STIRAug 29, 2014An evening of visual art and sound pieces from some of San Diego's top creatives including Jason Sherry, Joshua Krause, Don Porcella, Anna Zappoli and more. There will also be live music and performance pieces.63 other events on Friday, August 29
Lil B is fucking weird. The Berkeley rapper, born Brandon McCartney, scored his first hit, 2006’s sneaker anthem “Vans,” with The Pack, a group he formed in high school. But rather than build on that group’s success, Lil B retreated to the Internet.
Stuntdouble & Tenshun have been making funky, intelligent hip-hop since the mid-’00s. In 2011, the duo released the first of three EPs as part of Welcome to San Diego, a series that speaks to local issues with biting humor.
It’s a Friday night in October, and local rapper and producer Michael Quiñones is setting up a projector at Headquarters Café, a coffeehouse in El Cerrito that might be the ideal new spot to showcase his music.
When rappers like Common and Mos Def got big in the 1990s, record companies concocted a new label, “conscious hip-hop,” to neatly package their sociopolitical-themed music and exploit an older, more affluent and often elitist demographic.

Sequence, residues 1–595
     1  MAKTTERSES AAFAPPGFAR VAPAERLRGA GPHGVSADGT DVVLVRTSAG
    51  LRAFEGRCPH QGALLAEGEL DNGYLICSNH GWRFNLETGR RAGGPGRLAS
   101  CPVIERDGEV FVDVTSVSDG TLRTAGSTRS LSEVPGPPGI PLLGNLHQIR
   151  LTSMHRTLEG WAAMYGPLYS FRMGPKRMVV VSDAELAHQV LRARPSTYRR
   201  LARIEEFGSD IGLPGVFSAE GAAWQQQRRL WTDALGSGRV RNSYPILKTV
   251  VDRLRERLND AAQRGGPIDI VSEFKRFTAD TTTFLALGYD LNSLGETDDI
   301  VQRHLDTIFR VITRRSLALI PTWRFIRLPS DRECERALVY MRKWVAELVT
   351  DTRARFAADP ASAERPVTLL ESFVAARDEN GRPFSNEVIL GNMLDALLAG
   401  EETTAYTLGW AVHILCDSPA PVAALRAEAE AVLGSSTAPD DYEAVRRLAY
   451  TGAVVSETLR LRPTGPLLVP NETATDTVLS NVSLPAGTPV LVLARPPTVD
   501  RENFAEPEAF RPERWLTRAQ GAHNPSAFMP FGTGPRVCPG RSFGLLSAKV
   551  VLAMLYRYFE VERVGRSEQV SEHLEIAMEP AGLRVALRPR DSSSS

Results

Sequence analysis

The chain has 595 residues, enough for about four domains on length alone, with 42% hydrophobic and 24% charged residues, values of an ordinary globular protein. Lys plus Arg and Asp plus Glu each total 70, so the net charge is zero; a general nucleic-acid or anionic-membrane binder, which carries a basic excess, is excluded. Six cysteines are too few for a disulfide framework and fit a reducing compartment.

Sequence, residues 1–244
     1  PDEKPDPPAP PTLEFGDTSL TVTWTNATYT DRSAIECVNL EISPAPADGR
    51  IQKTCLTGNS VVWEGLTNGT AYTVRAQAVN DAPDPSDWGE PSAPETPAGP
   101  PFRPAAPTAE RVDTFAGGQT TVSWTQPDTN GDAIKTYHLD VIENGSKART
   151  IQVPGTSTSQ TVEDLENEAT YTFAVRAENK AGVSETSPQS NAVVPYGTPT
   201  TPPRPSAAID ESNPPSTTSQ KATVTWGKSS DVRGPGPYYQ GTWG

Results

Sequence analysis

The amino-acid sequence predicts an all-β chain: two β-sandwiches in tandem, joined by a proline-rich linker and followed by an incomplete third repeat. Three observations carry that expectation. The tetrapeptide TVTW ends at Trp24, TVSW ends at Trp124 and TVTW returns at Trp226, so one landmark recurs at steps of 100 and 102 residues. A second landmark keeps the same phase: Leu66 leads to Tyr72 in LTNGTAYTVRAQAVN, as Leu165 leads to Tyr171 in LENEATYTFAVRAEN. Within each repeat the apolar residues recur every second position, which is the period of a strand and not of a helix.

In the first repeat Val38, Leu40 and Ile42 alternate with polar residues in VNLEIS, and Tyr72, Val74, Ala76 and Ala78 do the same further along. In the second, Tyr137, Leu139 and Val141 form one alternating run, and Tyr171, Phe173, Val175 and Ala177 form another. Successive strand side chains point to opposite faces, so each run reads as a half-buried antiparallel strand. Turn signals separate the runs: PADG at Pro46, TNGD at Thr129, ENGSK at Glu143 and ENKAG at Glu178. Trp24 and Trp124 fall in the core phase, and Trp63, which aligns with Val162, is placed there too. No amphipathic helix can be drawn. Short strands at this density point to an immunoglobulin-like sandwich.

On a Saturday afternoon in June, local rapper Perry Wilkins Jr. stares out across several houses. Dressed in a flannel shirt with rolled-up jeans and boat shoes, he’s hanging out on a large wooden balcony at “The Flight Deck,” the home of a friend, on a steep hill in Encanto, in San Diego’s sprawling 4th City Council district.
On a Saturday afternoon at Ranchos Cocina restaurant in North Park, Jack King, Jamal Smith and Brandon Zamudio bounce off each other electrically. Between the three members of local hip-hop group Parker & The Numberman, you can hardly get a word in.
The first installment of Critical Beatdown—a monthly series dedicated to a new class of glitch-laden, avant-garde, instrumental hip-hop and electronic music known simply as “beat” music—took place at Kava Lounge in January 2011. A year-and-a-half later, the series is going strong.